A Messy Desk Might Help Neatniks Be More Creative
(Bloomberg Businessweek) -- Millions of people are discovering that there are perks to working at home. Among them: You can have a messy desk, and there’s no one—or, at least, no colleague—around to judge.
In this new world, even neatniks might want to let the papers pile up. Studies show that a messy desk can spur creativity by keeping interesting things in sight and top of mind. That could be a blessing in isolating times, when we don’t have co-workers close by to spark ideas and we’re not meeting interesting people for dinner or drinks.
Eric Abrahamson, a Columbia Business School professor who wrote a book on messes, says they’re essential to creativity. “A mess will connect things that aren’t connected,” he says.
Abrahamson cites the case of Leon Heppel, a biomolecular researcher in the 1950s who worked in a state of epic clutter. Every so often, he’d cover his desk at the National Institutes of Health with brown butcher paper so that he’d have a fresh surface to re-trash.
One day, Heppel found a letter on his desk describing a weird molecule and its effect on cellular biology. A few layers below, he found an older letter describing another molecule. He put the authors in touch, and one of them went on to win a Nobel Prize for work on how hormones regulate cells.
Kathleen Vohs, a marketing professor at the University of Minnesota, tested the creative-mess hypothesis by putting subjects in a room strewn with books and papers and others in a clean room. She told them that a pingpong ball manufacturer needed new uses for its product. Judges rated their creativity.
Those in the clean room suggested using the balls for beer pong (already a thing, as any college student can tell you) and shooting them out of Nerf guns. Those in the messy room advised adding hooks to make funky earrings and filling the balls with water to form reusable ice cubes. In the eyes of the judges, Team Messy won.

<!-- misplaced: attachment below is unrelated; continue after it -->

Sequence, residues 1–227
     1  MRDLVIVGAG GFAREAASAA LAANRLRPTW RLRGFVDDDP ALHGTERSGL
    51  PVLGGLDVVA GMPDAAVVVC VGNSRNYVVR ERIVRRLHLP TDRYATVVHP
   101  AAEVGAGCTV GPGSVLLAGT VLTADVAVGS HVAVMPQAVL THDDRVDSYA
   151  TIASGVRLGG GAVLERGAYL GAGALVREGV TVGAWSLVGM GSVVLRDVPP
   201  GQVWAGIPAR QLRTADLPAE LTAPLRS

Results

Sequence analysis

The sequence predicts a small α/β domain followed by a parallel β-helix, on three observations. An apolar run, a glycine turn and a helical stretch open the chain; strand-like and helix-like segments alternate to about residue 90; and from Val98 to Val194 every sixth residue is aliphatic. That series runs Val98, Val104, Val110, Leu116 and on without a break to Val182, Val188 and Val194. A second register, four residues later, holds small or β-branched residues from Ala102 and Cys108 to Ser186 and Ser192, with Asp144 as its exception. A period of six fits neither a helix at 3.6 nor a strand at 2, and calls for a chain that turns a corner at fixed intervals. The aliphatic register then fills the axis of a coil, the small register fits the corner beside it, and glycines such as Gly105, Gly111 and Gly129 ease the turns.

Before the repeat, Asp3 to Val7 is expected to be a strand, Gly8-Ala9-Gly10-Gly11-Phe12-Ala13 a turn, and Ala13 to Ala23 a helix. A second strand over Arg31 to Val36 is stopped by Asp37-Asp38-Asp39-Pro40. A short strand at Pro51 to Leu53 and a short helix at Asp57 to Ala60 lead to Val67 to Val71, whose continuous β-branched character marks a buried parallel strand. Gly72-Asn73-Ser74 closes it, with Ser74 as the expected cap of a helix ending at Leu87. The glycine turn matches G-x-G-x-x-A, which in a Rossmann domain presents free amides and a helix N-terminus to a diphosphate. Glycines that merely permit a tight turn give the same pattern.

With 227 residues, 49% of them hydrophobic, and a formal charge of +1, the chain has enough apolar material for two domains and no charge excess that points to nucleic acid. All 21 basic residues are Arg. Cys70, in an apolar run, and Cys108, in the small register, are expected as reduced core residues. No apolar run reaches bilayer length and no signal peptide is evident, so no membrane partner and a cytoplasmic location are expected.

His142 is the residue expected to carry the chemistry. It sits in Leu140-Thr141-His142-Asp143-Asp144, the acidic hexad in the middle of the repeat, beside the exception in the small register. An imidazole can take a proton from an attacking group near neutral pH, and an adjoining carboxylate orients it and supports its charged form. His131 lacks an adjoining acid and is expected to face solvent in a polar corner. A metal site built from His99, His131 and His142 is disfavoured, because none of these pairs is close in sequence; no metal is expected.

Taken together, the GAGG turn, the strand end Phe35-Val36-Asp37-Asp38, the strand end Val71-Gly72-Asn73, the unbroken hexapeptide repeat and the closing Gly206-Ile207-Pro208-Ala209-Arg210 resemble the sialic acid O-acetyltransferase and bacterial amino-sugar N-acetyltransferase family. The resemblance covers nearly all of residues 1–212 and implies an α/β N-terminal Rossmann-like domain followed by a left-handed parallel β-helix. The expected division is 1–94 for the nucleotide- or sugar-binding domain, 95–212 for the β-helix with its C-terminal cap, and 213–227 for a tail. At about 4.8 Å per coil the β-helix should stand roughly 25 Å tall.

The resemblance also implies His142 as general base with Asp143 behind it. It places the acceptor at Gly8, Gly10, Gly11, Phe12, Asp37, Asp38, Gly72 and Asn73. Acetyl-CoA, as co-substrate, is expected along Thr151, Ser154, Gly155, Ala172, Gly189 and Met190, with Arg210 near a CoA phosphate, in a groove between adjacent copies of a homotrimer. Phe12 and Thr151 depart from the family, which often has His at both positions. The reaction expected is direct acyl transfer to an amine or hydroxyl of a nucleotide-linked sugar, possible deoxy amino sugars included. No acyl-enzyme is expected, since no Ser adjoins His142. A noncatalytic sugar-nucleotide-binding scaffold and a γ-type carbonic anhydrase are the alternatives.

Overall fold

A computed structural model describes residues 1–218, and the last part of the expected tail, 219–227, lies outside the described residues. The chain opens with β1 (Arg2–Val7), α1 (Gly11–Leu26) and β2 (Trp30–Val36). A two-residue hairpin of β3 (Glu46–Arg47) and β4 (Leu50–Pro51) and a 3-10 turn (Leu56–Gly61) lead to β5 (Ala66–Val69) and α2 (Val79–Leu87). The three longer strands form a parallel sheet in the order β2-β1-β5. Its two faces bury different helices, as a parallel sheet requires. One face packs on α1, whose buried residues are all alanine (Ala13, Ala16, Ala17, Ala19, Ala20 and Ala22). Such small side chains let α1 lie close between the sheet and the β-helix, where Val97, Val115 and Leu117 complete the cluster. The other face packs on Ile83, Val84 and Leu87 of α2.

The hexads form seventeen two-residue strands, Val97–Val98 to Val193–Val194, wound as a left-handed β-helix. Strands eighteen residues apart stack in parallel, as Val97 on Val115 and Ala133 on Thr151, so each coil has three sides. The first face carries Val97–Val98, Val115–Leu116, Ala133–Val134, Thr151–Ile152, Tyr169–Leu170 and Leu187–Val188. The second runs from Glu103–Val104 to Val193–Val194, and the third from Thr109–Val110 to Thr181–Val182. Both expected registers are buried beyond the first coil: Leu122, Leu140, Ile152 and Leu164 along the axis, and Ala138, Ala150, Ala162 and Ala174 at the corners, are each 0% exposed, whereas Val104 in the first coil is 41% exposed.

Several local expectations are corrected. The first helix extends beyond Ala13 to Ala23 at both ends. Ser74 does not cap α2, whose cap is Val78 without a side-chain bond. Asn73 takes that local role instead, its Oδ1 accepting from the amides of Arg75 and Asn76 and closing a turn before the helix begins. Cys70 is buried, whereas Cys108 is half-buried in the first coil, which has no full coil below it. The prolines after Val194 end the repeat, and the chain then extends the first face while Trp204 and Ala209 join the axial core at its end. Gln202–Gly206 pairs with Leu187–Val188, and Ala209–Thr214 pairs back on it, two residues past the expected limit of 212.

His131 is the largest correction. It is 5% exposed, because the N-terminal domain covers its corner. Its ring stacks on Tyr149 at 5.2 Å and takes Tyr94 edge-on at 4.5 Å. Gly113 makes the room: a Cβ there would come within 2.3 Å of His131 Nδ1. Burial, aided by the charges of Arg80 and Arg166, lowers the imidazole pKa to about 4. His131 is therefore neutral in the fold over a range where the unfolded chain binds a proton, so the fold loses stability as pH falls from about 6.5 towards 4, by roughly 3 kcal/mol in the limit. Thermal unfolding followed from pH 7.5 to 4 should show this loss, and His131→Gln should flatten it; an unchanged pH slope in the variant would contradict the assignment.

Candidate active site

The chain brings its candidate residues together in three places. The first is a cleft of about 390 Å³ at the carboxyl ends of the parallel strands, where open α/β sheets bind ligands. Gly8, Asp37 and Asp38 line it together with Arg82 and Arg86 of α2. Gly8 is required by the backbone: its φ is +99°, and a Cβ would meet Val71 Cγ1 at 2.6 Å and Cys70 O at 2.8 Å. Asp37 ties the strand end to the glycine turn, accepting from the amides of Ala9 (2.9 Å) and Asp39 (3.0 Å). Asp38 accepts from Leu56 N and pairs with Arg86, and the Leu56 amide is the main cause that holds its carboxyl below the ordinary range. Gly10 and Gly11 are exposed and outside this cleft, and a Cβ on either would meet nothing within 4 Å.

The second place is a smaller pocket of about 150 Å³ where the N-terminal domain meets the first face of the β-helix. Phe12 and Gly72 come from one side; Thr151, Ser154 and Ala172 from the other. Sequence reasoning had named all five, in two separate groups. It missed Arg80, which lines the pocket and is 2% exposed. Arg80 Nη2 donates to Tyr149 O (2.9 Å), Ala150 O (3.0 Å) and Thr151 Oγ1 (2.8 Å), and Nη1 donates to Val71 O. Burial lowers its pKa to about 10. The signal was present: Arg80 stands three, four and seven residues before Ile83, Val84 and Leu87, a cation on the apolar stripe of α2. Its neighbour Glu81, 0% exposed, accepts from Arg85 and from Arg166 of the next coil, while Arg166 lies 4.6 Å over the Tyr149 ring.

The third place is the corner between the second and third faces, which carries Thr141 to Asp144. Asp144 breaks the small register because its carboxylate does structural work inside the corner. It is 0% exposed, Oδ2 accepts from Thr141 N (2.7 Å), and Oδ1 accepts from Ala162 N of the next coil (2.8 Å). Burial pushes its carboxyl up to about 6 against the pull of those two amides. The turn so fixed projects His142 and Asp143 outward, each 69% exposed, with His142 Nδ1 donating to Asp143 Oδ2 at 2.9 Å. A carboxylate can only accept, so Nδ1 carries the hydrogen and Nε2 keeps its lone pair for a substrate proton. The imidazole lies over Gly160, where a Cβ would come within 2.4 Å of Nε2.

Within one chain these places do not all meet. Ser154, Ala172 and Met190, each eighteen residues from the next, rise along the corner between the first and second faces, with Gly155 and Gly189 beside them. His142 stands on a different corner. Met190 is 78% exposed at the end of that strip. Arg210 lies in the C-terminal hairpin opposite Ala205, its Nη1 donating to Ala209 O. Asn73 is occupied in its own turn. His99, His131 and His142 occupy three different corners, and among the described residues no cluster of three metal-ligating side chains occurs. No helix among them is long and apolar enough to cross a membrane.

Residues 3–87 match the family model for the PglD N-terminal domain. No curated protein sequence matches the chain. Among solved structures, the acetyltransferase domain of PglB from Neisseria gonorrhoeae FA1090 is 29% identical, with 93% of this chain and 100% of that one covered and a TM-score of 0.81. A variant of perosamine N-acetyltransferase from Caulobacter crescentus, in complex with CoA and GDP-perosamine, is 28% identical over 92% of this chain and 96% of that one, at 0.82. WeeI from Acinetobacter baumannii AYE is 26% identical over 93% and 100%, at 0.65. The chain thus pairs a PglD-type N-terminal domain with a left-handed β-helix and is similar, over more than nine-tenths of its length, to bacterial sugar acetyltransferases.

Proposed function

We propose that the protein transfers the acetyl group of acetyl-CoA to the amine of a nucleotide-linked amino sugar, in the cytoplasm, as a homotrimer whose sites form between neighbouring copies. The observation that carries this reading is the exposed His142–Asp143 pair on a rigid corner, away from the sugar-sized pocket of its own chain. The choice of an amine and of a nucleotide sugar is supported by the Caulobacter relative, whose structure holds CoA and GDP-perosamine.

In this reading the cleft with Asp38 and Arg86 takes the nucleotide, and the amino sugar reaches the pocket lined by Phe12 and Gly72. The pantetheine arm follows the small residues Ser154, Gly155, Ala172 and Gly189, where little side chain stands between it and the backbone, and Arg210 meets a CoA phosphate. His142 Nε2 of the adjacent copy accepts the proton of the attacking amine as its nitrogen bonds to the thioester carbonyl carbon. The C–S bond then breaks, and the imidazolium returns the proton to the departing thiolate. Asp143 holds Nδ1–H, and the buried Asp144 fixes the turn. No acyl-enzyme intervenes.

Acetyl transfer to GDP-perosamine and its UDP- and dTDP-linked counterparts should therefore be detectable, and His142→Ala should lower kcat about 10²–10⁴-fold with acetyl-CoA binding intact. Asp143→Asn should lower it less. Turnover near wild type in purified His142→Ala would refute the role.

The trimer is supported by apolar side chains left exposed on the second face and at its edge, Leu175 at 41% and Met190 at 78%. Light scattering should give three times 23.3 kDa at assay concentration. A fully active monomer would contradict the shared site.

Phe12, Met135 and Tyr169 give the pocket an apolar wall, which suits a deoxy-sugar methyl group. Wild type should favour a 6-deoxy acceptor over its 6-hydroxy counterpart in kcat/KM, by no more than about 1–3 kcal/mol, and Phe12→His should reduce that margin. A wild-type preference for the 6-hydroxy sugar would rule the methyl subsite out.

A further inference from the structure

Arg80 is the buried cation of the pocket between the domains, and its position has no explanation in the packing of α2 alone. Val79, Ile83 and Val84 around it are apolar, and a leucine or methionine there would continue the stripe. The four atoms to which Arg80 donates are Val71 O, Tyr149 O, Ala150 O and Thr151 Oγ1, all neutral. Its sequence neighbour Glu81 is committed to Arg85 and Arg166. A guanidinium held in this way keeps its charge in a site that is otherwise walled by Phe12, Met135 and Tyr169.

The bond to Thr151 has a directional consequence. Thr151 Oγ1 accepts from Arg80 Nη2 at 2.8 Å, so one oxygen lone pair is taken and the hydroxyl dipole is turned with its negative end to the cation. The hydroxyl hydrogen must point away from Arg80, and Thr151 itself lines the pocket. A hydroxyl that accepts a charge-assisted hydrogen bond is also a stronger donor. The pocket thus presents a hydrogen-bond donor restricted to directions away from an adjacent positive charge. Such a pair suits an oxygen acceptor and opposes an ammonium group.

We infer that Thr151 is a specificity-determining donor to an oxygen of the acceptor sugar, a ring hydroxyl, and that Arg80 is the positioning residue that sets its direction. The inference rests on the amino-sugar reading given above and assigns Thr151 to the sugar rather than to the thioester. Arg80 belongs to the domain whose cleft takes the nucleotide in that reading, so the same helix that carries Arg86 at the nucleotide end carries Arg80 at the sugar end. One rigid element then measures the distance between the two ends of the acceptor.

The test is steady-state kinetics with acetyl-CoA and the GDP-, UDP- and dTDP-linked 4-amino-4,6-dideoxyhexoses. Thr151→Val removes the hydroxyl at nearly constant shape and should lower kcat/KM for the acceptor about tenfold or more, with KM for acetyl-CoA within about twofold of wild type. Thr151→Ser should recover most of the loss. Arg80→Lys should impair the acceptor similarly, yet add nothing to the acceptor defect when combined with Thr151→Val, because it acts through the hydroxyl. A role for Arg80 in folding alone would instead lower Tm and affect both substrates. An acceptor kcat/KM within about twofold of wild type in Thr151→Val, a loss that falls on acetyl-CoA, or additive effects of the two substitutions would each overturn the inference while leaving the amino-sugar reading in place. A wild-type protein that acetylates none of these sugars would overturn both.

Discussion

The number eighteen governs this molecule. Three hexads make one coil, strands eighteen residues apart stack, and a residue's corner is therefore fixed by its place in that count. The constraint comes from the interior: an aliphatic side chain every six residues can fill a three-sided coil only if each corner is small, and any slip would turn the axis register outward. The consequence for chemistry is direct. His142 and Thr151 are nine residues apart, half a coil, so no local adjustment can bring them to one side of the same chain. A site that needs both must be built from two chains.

Unfortunately, most of us are missing mess-inspired connections because as a society we overvalue order. Marie Kondo’s books sell by the millions. Companies mandate neatness—photos of chief executive officers never show a desk laden with papers.
Worse yet, there’s a cost to keeping order. It takes time to label files, and it takes time to file them in drawers. All the while, you could be working. “Because we value organizing, we don’t realize its cost,” Abrahamson says.
The key is moderation. Since writing A Perfect Mess: The Hidden Benefits of Disorder—How Crammed Closets, Cluttered Offices, and On-the-Fly Planning Make the World a Better Place with co-author David Freedman in 2007, Abrahamson has become more orderly. These days, he sees where messes arise, and he lets them grow only so much. He also curates his messes so that only interesting things linger on his desk. He calls the best of them “oddmen.”
An oddman can be a compelling postcard, or a research report, or an old toy. They’re things that spur curiosity and can be combined with something else, either physically or in the world of ideas, like those letters on molecules whose authors Heppel introduced.
Abrahamson’s father was a struggling artist who kept oddmen in his garage, waiting for inspiration to strike. Strapped for cash, he once made a potter’s wheel out of a washing machine, a belt, and a metal plate, Abrahamson says.
Terrible as it is, Covid-19 has freed workers from certain barriers to productivity. Two hours sitting in traffic are now two hours of desk time. The loudmouth in the next cubicle is now miles away, as is the person always looking for an ear to bend. To this list, we can add pointless desk cleaning. If you like a neat desk, great. But see what happens if you let a few oddmen stick around.
Here are a few tips on how to optimize your messes:
- All messes aren’t created equal. “A good mess has about 10 or 15 really cool things,” Abrahamson says. Those include oddmen, which he also calls “recombinants”—things that feel like they have the potential to help you make connections.
- Make messes when you have to be creative. That’s when they’re most valuable. If you’re doing routine work, a mess is more likely to get in the way.
- It’s all right to organize papers on your desk in layers. It can look like a mess, but it’s really just organizing by time.
- Keep a different space clear of debris. Vohs, the marketing professor, writes in her home office, which is messier than the rest of her house. A recent mess included a tangle of computer cords, a Kleenex box on its side, a stack of half-finished crossword puzzles, a receipt, a bottle of lotion, and two lip balms. For data analysis, she sits at her kitchen table, which has almost nothing on it.
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